What is the Paleo Diet for Dogs and Cats?
The Paleolithic period (Stone Age) extended from about 2.5 million years ago until about 10,000 years ago, when humans developed agriculture and settled down in communities. Also during that period, wolves and wildcats were domesticated and brought into the human family.
While humans have selectively bred dog and cat breeds to look and often behave very different on the outside, their internal workings are not that different from their wild ancestors. Dogs and wolves are 99.5% genetically identical; cats’ DNA differs from wildcats in only 13 out of 20,000 genes. Those differences are important in terms of appearance and certain behavioral traits, but have very limited effects on their physiology. In particular, dog and cat digestion is quite similar to the wild type. It makes sense, then, to feed our pets as the meat-eating carnivores they are.
"It makes sense, then, to feed our pets as the meat-eating carnivores they are."
The majority of modern commercial pet food is, unfortunately, very far from that ideal. Rather than follow the prey model—about 50% protein, 40% fat, and 10% carbohydrate—many pet foods (especially kibble) are mostly carbohydrate and far less protein and fat. This makes for some inexpensive food, but it’s not so good for our carnivorous canine and feline pals, as evidenced by the pet obesity epidemic that is taking a terrible toll on their health.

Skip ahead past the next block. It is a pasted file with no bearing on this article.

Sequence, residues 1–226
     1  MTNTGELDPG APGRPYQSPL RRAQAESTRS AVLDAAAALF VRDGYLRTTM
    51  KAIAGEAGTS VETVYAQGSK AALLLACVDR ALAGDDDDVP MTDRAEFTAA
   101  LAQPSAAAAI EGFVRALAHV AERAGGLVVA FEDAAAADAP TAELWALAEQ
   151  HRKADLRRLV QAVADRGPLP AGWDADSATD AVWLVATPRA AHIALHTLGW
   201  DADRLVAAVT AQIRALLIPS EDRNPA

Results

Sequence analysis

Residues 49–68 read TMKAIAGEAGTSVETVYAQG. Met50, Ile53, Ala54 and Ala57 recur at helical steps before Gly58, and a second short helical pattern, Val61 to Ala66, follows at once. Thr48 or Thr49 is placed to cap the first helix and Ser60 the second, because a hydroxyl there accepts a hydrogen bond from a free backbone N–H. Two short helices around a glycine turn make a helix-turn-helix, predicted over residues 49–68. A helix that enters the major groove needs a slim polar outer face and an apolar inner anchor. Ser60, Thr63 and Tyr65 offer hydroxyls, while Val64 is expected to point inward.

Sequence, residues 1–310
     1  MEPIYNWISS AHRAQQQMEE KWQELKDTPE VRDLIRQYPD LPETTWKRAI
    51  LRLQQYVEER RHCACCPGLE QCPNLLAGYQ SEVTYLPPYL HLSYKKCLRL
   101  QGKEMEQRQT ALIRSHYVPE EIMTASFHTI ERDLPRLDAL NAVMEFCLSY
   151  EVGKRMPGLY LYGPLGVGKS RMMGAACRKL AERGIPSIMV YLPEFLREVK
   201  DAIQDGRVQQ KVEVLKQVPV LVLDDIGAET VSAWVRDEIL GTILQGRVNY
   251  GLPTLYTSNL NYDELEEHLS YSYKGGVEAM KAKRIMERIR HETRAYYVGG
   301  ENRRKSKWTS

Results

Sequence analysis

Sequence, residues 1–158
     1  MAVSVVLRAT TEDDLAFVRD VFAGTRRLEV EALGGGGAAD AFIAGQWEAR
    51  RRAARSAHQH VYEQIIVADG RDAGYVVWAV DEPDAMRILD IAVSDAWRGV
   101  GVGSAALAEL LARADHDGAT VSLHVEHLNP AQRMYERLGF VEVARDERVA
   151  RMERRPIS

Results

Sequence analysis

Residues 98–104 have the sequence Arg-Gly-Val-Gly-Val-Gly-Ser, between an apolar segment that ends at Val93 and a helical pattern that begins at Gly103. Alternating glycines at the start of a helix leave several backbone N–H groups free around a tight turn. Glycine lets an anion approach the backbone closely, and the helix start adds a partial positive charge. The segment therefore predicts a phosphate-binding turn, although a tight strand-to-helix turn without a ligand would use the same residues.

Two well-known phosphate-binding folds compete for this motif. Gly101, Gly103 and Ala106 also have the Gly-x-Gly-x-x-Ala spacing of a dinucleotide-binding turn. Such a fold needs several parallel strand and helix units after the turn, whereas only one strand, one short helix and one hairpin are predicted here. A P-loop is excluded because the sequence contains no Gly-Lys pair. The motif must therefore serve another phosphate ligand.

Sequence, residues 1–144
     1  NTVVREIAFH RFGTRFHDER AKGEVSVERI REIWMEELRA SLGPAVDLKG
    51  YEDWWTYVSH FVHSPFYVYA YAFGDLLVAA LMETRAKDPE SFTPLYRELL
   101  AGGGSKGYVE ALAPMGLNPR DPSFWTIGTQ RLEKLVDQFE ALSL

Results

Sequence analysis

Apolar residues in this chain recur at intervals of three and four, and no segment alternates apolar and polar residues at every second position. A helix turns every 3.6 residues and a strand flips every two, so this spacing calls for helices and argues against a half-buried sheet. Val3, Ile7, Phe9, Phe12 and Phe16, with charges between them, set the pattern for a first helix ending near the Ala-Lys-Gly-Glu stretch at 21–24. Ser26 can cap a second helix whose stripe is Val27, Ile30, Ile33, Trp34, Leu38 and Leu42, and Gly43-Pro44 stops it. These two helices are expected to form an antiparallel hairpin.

Fortunately, a few companies are dedicated to producing high quality pet foods that are far closer in composition to the ancestral carnivore diet. Canned foods and freeze-dried and dehydrated diets are similar to the prey model in nutritional composition. Even dry diets are available with higher protein and less simple carbohydrates than mass-market products. And, of course, the newer raw diets with ingredients that have never been cooked are generally as close to the prey model as you can get (these are available in dehydrated, freeze-dried, and frozen formats).
"Better nutrition is the key to good health and longer life for our animal companions."
These natural foods make good genetic sense, and are far better suited to fulfilling our cats’ and dogs’ true nutritional requirements throughout their lives. Better nutrition is the key to good health and longer life for our animal companions.